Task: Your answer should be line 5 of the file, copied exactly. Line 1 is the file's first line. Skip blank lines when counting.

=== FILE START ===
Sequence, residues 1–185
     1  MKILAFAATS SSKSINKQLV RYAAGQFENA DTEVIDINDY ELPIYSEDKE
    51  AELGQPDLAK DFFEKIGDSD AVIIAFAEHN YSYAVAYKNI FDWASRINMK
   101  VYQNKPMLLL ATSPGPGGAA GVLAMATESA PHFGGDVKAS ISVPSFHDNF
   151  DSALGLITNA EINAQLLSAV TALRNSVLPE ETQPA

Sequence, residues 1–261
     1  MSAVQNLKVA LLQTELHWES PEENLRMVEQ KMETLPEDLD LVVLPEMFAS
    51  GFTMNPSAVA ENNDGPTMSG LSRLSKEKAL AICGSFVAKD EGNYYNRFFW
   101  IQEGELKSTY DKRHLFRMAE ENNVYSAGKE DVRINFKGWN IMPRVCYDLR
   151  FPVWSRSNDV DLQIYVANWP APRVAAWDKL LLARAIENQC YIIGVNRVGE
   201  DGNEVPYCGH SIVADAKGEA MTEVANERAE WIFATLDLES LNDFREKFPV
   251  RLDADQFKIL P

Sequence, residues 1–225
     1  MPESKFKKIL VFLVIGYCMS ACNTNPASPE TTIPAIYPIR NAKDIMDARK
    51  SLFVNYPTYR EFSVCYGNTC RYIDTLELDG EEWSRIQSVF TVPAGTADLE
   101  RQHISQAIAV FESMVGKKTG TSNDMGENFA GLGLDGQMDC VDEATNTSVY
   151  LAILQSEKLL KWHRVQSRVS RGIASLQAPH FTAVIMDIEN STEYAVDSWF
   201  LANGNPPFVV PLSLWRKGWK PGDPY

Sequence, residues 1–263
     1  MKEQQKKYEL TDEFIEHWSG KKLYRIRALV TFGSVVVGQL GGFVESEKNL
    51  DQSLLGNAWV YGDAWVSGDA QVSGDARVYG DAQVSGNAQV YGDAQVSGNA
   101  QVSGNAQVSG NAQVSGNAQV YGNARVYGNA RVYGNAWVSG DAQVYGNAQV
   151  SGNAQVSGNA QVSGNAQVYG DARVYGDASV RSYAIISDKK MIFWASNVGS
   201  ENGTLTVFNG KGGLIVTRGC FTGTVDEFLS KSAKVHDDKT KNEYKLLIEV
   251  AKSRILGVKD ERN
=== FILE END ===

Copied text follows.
   151  DSALGLITNA EINAQLLSAV TALRNSVLPE ETQPA